My daughter has a Nikon D-90 camera body and two prime f1.4 lenses 50mm and 35mm. She is interested in learning more, and I am curious which of a zoom or fixed telephoto lens would help her best? Is getting a low f-stop lens important in a telephoto lens?


4 Answers 4


It depends on where she's feeling the limitations. I have a kit made up of 15mm, 40mm, and 70mm prime lenses (on a dSLR with the same 1.5× format as the Nikon D90), and for me, that's just about right. (I'd probably trade the 40mm for a 35mm were I starting over — tough call.) For my style, I don't miss having a zoom at all.

Since she has (and is presumably comfortable with) two prime lenses, she may feel the same way, and would just like to increase the range of focal lengths she has available. For that, another prime covering either wider-angle or more telephoto would fit nicely.

On the other hand, she might want to explore the convenience of a zoom. Having flexibility of framing can remove one-more-thing-to-worry-about from the learning process, and remove the potential need to switch lenses in the middle of the action.

Back on the first hand, though, there is a school of thought which argues that prime lenses have inherent advantages for learning composition. Mike Johnston's Case Against Zooms articulates this view well. The idea is that by learning to know a particular prime lens's inherent viewpoint, that limitation actually becomes a freedom.

Since I use my 40mm most often, I can attest to this: having used it to take thousands of photographs over the course of several years, I can know what photo my camera will make without having to actually put it to my eye. That's very useful, and helps me concentrate on taking the photographs I want to take with the view I want to have.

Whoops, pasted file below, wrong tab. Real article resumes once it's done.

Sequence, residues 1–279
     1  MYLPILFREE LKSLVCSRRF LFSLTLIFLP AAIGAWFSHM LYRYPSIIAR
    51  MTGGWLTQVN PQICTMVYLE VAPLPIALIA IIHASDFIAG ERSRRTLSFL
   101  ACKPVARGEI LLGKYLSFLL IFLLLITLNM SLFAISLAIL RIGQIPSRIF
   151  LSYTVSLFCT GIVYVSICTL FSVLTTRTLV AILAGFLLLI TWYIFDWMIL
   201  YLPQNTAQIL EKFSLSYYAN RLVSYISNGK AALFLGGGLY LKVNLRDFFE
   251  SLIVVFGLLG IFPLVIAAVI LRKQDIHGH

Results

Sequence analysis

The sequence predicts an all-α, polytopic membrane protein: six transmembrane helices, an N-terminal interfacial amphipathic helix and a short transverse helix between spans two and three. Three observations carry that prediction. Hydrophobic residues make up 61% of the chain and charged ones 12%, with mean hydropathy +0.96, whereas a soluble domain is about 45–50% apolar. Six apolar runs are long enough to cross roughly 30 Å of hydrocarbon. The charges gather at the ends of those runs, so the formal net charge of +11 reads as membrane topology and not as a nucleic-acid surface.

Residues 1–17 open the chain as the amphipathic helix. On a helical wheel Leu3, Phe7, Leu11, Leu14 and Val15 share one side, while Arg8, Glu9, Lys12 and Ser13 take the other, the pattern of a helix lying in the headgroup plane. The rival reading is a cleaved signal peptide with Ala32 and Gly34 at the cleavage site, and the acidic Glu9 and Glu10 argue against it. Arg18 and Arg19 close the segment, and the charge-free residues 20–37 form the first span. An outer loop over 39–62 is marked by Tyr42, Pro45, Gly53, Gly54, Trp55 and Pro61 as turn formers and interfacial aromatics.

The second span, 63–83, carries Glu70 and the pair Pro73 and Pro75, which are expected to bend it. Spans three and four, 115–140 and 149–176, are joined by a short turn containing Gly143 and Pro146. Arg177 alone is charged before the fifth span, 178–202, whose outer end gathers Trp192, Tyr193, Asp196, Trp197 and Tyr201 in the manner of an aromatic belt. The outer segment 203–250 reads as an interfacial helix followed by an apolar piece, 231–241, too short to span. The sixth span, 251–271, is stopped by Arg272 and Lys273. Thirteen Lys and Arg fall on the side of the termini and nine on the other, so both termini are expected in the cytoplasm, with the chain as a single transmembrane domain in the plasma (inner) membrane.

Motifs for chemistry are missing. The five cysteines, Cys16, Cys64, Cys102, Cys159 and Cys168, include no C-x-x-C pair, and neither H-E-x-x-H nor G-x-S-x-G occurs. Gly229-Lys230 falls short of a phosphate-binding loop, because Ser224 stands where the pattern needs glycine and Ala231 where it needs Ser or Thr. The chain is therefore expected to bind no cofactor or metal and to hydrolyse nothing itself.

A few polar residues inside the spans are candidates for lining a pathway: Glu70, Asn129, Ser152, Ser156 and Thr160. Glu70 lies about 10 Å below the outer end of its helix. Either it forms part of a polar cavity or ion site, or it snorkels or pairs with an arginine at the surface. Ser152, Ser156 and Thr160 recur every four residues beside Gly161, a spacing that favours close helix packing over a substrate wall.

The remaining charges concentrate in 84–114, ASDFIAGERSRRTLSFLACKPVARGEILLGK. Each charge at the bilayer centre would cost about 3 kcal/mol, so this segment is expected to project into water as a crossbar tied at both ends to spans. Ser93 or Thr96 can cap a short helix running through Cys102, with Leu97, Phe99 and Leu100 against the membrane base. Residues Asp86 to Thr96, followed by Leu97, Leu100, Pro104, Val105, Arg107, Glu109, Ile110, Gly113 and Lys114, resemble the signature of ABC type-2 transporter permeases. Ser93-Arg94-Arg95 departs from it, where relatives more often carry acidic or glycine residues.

• +1 Love the point you make in the last paragraph about being able to know the probable composition without needing to bring the camera to your eye.
    – jrista
    Nov 21, 2011 at 4:31
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    Johnston does admit usefulness of zoom lenses in telephoto range though.
    – Imre
    Nov 21, 2011 at 4:36
  • Yeah I don't think anyone is saying zooms are useless. I'm not, certainly. They just don't fit certain styles of photography, and primes do have a few advantages for learning.
    – mattdm
    Nov 21, 2011 at 12:27
  • By the same token, zooms also have some advantages for learning. A simple exercise such as photographing the same subject and foreground/background using a zoom set at different focal lengths from different distances to frame the subject the same size can teach a LOT about how shooting distance relates to perspective, as well as about focal length selection based on what you want the image to look like. It's much more economical to do this with a "kit" zoom than with a set of 4-5 primes.
    – Michael C
    Dec 17, 2018 at 19:30
  • Zooms also are an economical way to expose a beginner to using multiple focal lengths and allow them to find which ones they might desire to spend more on for a higher quality prime.
    – Michael C
    Dec 17, 2018 at 19:32

If you are interested in learning a certain type of photography such as birding, then a telephoto would be what you are looking for. If you already have general purpose prime lenses, a general purpose zoom pretty much achieves a similar goal, just with a more convenient package.